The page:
Exactly! Party on, Garth!
Watty
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« Reply #9 on: December 01, 2009, 06:24 PM »

I can make no promises Tongue
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imarche
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« Reply #10 on: December 03, 2009, 09:14 PM »

I guess it doesn't really matter as long as the position is comfortable for you. I tend to have my top hand parallet and bottom hand vertical in light winds. Makes horizontal ground pass easier since you'd have to pull your top hand in to keep the kite in horizontal flight.
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Jeepster
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« Reply #11 on: December 04, 2009, 08:13 AM »

New items for conversation ...

Item 1)  I found that it was easier to learn to hover inverted with the handles held parallel to the ground.  My mistake was holding the handles too far apart.  If you watch the Victoria Remix video, you'll notice that, for the most part, the iQuad team holds their handles reasonably close together and down in front of themselves.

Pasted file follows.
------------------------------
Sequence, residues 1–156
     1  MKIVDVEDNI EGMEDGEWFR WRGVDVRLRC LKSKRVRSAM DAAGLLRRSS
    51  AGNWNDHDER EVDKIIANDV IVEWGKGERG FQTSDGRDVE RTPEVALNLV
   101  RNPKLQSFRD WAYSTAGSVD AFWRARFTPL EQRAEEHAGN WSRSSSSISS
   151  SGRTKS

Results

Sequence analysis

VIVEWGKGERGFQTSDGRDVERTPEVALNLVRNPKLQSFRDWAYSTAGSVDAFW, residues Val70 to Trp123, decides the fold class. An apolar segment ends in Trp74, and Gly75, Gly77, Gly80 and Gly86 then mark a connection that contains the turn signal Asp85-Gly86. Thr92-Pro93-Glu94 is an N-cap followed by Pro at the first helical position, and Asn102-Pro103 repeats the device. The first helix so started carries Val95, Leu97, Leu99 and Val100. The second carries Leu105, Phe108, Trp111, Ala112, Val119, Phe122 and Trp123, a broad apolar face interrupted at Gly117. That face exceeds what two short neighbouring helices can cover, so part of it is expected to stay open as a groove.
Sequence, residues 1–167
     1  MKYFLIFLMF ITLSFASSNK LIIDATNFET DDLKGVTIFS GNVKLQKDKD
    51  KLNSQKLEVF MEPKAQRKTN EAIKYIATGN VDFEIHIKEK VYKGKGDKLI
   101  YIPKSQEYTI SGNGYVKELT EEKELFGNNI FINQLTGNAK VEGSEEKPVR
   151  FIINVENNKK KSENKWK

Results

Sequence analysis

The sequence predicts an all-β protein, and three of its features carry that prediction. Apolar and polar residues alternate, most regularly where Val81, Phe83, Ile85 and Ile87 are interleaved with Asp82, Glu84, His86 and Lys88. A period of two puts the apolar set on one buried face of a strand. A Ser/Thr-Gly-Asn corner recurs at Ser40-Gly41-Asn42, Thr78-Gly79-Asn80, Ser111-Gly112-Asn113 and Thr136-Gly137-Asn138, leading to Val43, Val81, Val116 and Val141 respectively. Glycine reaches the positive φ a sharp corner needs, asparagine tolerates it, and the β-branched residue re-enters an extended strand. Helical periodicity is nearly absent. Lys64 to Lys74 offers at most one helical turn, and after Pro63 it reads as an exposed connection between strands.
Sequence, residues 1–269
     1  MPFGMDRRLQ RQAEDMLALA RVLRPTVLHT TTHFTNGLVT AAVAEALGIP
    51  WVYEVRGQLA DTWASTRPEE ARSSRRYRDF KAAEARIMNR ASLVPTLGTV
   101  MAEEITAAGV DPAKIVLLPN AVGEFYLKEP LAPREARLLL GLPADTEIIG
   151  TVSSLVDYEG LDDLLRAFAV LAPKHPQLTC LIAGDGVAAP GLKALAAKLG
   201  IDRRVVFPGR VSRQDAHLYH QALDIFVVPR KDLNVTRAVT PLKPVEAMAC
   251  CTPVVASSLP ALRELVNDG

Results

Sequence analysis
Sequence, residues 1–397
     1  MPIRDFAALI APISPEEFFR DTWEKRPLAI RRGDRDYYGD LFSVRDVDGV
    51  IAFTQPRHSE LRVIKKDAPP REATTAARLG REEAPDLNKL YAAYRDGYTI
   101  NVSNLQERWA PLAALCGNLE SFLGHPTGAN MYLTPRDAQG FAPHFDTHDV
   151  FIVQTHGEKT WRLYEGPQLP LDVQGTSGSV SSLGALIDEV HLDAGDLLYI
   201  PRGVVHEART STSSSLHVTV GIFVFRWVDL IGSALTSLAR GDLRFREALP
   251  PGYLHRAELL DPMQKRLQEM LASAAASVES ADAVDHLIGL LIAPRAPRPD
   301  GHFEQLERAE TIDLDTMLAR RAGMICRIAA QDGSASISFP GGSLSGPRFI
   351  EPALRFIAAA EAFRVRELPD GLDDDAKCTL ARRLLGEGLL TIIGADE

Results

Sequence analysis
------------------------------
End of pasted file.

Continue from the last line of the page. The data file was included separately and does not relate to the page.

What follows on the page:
Victoria Remix


Holding the handles close together yields better control of the kite during maneuvers.  Try this the next time you're flying: Put the kite into an upright hover in the middle of the wind window and do the following ...

a)  Holding the handles far apart, rotate your body a few degrees. 

b)  Now holding the handles close together (in front of yourself), rotate your body the same amount.

Which position of the handles yielded the greatest upset to the kite?

For me, learning to hold the handles (the top lines) closer together has resulted in improved control!!

Item 2)  For sideways hovers, I hold the bottom handle vertical and the top handle parallel to the ground.  For each rotational position of the kite, I try to hold the handles the same way every time!  Learning to fly automatically, without thinking, is mostly muscle memory, so give your muscles the same movement/position to remember and it becomes easier.